You can put it on the board, Yesssssss. Frank Thomas was always a scary sight in the batter’s box at 6-foot-5 and 240 pounds and his stature contributed to his nickname, coined by former player and White Sox announcer Ken Harrelson. Thomas, who also played football at Auburn, won the AL batting title in 1997, was a two-time AL MVP and made the All-Star team five times during his 19-year career. He finished with 521 homers and 1,704 RBI, while batting .301.
Fred McGriff — "Crime Dog"
McGriff was given his nickname by ESPN anchor Chris Berman. It referenced the animated canine "Crime Dog McGruff," which debuted in 1980 in a series of TV commercials, comic books and live appearances for the National Crime Prevention Council with the slogan "take a bite out of crime."
Mark McGwire — "Big Mac"
Mark McGwire's nickname has nothing to do with the Golden Arches, but it does describe how big he was during his 16-year career. He broke Roger Maris' single-season home run record with 70 in 1998. McGwire won the 1987 AL Rookie of the Year and was a 12-time All-Star. He also won a World Series title with the A's in 1989.
Randy Johnson — "The Big Unit"
The idea for Randy Johnson's nickname no doubt came from his 6-foot-10 frame. The reputation for strikeouts, 100 mile-an-hour fastballs and hard-biting sliders probably helped, too. Johnson ranks second on the all-time strikeout list with 4,875. The 10-time All-Star won five Cy Young Awards and was a co-World Series MVP for the Arizona Diamondbacks in 2001.
Vladimir Guerrero — "Vlad the Impaler"
Vlad the Impaler was a horribly cruel man but an effective warlord in the 15th century. Well, Vladimir Guerrero wasn't that kind of dangerous, but with his free-wielding bat, he often crushed opponents in box scores. Also known as Vladdy, the Dominican slugger won the 2004 AL MVP and eight Silver Slugger Awards and was a nine-time All-Star. He batted .318 with 449 homers during his 16-year career.
Ivan Rodriguez — "Pudge"
Ivan Rodriguez isn't the first guy nicknamed "Pudge" to play behind the plate — remember Carlton Fisk? — but some will argue this younger "Pudge" version is the best all-around, if not the best defensive, catcher to play the game. In fact, Rodriguez was given the nickname as an homage to Fisk. Rodriguez, a 14-time All-Star, won the 1999 AL MVP, the 2003 World Series with the Marlins and 13 Gold Gloves. During his 21-year career, he caught 46 percent of attempted base stealers, well above the MLB average of 30 percent. He decided to retire in April 2012.
Francisco Rodriguez — "K-Rod"
Pitchers gain notoriety for strikeouts. Francisco Rodriguez’s nickname plays on that fact. As a member of the Angels, he led the AL in saves three times between 2005 and 2008, capping it off with 62 in '08.
Daisuke Matzusaka — "Dice-K"
Daisuke Matzusaka started his career in his native land of Japan, where he led the league in strikeouts four times, wins three times and ERA twice. Dice-K also won seven Gold Gloves in the Japanese League and was a seven-time All-Star. The Red Sox paid $103 million for Dice-K in 2007. His nickname is easier than his given name for Americans to pronounce; besides what pitcher wouldn't want to be associated with the letter "K"?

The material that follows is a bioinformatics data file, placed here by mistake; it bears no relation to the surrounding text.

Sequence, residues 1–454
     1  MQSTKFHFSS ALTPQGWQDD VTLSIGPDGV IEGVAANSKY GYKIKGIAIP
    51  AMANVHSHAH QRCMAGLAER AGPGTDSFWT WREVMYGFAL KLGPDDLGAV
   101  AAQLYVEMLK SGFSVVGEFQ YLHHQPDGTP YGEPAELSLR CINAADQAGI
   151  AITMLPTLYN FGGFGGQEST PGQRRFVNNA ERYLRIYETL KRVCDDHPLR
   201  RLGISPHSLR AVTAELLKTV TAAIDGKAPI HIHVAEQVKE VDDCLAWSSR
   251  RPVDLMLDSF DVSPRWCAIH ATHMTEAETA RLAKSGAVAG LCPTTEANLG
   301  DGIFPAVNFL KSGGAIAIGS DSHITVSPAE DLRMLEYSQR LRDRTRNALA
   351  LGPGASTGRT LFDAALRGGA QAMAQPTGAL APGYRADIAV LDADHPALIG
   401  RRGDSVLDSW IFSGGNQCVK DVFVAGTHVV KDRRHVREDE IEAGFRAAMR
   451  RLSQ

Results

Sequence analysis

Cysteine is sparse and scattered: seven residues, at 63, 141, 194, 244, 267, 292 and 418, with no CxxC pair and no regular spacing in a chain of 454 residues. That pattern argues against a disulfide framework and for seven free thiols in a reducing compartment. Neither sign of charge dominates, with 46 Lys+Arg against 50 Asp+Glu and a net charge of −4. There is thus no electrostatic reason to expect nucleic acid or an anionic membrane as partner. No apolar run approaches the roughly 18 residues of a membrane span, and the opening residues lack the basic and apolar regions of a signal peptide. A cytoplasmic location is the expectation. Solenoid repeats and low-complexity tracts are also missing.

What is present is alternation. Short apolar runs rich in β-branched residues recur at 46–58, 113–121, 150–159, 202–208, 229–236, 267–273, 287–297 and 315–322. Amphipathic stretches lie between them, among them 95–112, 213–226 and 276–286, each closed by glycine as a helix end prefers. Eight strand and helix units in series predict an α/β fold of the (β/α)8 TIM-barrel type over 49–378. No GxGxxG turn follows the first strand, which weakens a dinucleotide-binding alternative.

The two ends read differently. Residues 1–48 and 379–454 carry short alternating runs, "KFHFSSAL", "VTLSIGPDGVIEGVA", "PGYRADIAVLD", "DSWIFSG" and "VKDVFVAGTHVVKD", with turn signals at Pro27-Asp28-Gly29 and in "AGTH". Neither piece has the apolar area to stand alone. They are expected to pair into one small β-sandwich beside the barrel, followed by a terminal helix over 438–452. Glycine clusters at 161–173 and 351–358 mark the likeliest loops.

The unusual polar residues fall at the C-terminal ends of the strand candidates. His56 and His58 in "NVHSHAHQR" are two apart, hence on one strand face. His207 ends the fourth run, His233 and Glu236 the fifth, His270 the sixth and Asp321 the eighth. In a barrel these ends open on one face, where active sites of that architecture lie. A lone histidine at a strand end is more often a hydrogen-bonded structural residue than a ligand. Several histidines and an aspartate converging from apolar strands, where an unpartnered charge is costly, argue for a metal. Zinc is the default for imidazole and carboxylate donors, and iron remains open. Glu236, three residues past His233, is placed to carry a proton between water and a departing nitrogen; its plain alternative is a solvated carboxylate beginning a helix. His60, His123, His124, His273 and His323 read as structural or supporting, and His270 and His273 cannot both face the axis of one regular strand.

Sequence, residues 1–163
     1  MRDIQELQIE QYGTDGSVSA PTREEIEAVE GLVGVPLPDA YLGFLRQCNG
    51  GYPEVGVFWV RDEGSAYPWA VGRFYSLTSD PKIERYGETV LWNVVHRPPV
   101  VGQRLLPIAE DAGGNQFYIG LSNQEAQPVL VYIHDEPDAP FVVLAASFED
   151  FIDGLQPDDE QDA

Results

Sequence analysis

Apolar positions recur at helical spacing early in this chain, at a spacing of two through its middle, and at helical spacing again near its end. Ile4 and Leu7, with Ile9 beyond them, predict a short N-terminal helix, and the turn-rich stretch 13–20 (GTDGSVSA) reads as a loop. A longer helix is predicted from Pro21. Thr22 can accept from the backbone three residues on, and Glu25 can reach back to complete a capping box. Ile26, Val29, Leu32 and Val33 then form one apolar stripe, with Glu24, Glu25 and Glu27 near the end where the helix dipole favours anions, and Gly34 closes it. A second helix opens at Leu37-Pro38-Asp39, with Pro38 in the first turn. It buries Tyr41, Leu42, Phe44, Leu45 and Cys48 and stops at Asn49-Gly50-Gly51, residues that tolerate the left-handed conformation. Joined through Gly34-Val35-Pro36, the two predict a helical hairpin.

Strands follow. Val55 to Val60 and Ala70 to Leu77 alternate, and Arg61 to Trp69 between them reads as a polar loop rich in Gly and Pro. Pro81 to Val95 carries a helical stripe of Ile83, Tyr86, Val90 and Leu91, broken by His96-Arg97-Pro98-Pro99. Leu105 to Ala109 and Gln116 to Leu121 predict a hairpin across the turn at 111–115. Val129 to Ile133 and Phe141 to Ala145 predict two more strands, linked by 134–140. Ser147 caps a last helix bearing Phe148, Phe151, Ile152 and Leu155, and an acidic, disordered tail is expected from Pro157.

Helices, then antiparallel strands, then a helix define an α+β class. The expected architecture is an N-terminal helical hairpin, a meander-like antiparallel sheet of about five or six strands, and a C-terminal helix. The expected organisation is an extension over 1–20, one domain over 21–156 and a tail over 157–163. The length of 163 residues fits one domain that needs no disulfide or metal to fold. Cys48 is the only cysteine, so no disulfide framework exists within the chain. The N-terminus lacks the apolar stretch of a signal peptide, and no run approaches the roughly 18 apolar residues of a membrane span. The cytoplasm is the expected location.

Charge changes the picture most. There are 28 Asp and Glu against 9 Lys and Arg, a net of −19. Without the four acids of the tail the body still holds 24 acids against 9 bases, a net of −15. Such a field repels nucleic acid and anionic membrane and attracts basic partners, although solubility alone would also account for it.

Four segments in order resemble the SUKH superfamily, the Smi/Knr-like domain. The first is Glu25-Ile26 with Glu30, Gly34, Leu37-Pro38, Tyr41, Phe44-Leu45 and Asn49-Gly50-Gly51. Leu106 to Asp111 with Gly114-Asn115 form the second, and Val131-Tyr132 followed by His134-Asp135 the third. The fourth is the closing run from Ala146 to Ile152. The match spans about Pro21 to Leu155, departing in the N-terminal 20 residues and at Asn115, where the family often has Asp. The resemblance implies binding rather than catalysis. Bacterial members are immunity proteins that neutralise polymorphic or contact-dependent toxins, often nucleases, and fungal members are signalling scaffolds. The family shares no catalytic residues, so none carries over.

Jose Bautista — "Joey Bats"
You better think twice if you're going to mess with Joey Bats. Bautista, whose Twitter name is @JoeyBats19, starred in an "Untouchables" parody called "The Hitman" for an MLB.com clip in 2011. The slugger is the 26th player to hit at least 50 HRs in a season and he set the Blue Jays' single-season record with his 54 dingers in 2010.
Shane Victorino — "The Flyin' Hawaiian"
Speedy Shane Victorino was born in Wailuku, Hawaii. In high school, he won the 100-meter, 200-meter and 400-meter dashes at the 1999 spring state track meet. The center fielder continues to fly in the majors as a three-time Gold Glove winner and a two-time All-Star. Plus, he won a World Series ring with the 2008 Phillies.
Felix Hernandez — "King Felix"
"Here comes King Felix" was the call of Mariners fans before he debuted at the age of 19 in August 2005. After all, he was Seattle's minor league pitcher of the year in '04. He's lived up to the hype. In his fifth major league season, the right-hander from Venezuela posted a 19-5 record with a 2.49 ERA. The following year, in 2010, he led the AL with a 2.27 ERA and won the AL Cy Young Award.
Albert Pujols — "The Machine"
Considered the most feared batter of the past decade, Albert Pujols hits like a machine. Also known as Prince Albert, the Dominican slugger is a nine-time All-Star with three NL MVPs, six Silver Slugger Awards and two World Series titles. Just don't call him El Hombre. He famously rejected that moniker in deference to the St. Louis Cardinals great Stan "The Man" Musial.
Roy Halladay — "Doc"
Roy Halladay's nickname was coined by late Toronto Blue Jays announcer Tom Cheek. Halladay started his major league career with the Blue Jays in 1998. It’s a reference to the famous Wild West gunslinger "Doc" Holliday. Some will also claim he's called the "Doc" because he fixes problems with a surgeon's precision when he takes the mound.
David Ortiz — "Big Papi"
Rumor has it that when David Ortiz joined the Red Sox as a free agent in 2003 he didn't know anyone by name, so he just called everyone "Papi." Eventually, the gentle giant from the Dominican learned the names and became a fan favorite in Beantown, and everyone started calling him "Big Papi."
Tim Lincecum — "The Freak"
Lincecum, 5-11 and skinny is known as “The Freak,” for his unusual throwing motion — and the downright freakish reality that someone his size can throw a baseball so hard.